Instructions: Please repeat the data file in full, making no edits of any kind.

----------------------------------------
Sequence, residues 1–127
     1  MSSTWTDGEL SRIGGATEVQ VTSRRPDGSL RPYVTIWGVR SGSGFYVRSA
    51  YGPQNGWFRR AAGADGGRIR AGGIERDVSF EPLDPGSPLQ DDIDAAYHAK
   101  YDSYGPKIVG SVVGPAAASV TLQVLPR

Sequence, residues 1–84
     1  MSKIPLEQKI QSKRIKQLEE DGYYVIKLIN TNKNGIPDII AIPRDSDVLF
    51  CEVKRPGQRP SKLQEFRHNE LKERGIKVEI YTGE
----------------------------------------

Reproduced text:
Sequence, residues 1–127
     1  MSSTWTDGEL SRIGGATEVQ VTSRRPDGSL RPYVTIWGVR SGSGFYVRSA
    51  YGPQNGWFRR AAGADGGRIR AGGIERDVSF EPLDPGSPLQ DDIDAAYHAK
   101  YDSYGPKIVG SVVGPAAASV TLQVLPR

Sequence, residues 1–84
     1  MSKIPLEQKI QSKRIKQLEE DGYYVIKLIN TNKNGIPDII AIPRDSDVLF
    51  CEVKRPGQRP SKLQEFRHNE LKERGIKVEI YTGE